I was only eighteen when I enlisted in the United States Army. I decided to go army because Air Force took too long and I wasn’t ready to go to college. I was the first in my family to join, and the black sheep, as well. I was known to skip class and quite often disrupt class if I was present. Even though I skipped a grade in elementary, growing up with peers older than I made it easy for peer pressure to take over.
My military training was fairly long. One station unit training (OSUT), the army calls it; five and a half months long to become an internment/resettlement specialist. A fancy title for a corrections officer in the army. My job training felt extremely efficient and I truly believed it’d benefit me in my civilian life once I returned. Having absolutely no idea what I was doing, I became a soldier working in military prisons. Being as young as I was, all I saw was a bonus of money that I wanted.
Physically, I had never attempted to be fit. Naturally, I got hurt the first day of training. The embarrassment, the shame, I felt it from all directions; drill sergeants, my battle buddies, and oncoming soldiers. I carried on either way. I had no other choice. The hardest thing I would endure alone for a while. Four days after training ended and graduation, I was sent to my first duty station. My first assignment was at a hardship duty station. I was moved into housing facilities where I lived with three other roommates. I went from being a young and lost teen to an adult with roommates and a full-time career. Those dreams were real, tangible, and at my reach. I was sent to my second duty station and married shortly after. At this point, my career, family, and financial situations were in line with my life.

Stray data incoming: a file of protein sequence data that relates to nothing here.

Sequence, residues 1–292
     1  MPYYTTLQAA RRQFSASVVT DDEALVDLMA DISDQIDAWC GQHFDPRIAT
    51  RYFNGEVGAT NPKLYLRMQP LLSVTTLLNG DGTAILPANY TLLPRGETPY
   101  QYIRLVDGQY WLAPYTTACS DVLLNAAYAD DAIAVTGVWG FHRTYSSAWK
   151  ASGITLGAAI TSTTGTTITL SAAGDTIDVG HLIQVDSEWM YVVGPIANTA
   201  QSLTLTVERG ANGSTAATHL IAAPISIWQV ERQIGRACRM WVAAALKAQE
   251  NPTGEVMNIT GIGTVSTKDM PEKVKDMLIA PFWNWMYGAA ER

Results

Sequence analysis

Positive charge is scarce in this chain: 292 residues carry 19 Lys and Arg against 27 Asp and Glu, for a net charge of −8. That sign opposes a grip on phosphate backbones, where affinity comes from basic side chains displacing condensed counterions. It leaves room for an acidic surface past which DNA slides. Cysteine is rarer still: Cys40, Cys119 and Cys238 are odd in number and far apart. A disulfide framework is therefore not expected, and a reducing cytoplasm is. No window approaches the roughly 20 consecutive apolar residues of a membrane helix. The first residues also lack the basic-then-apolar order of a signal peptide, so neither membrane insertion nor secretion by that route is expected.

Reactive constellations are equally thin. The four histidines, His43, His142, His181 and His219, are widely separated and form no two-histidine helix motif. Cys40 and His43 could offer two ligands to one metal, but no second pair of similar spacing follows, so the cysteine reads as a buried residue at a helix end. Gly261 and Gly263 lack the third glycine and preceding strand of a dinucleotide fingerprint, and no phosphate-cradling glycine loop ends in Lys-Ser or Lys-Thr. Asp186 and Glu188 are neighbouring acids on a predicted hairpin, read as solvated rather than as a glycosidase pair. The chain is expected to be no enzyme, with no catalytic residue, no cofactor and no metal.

My time in the military was cut short by a high risk pregnancy at five months. My injuries combined with my pregnancy and daily physical exertion created a painful situation for me. Standing, sitting, and laying were already a feat in themselves. The added pressure and weight made them worse. My discharge from the military was an effort on my behalf to keep my son healthy enough to reach the end of gestation. Four months after my military discharge, I gave birth to a healthy baby boy. Although it’d been thought that my family would be my most important ambition, it wasn’t.
A part of me felt empty after his birth. I felt as if I hadn’t accomplished anything. Stationed several states away from my family and feeling misunderstood, I fell into a severe depression. A broken marriage later, that emptiness persisted. I wanted nothing more than to be successful. I missed the army but was incapable of rejoining due to the injuries I obtained during service.
February 2018 will be ten years since I was honorably discharged. I’ve held numerous jobs that felt mediocre to my ability and shortcoming of a career I desired. In my attempt to find myself, I have expended my entire GI Bill and still haven’t completed my degree.
Life after the military is hard—disheartening, for some. It can also make us feel less than able to accomplish anything. Next time you see a veteran struggling, or hear them speaking encouraging words to others, realize that the battles they faced continued after their service. Take into account that they, too, have survived life after the military. I’ve only scraped the surface. I didn’t speak on the challenges that being in the military brought myself and others; PTSD, military sexual trauma (MST), or substance abuse, all consequences of events that occurred while serving.
Believe the hype.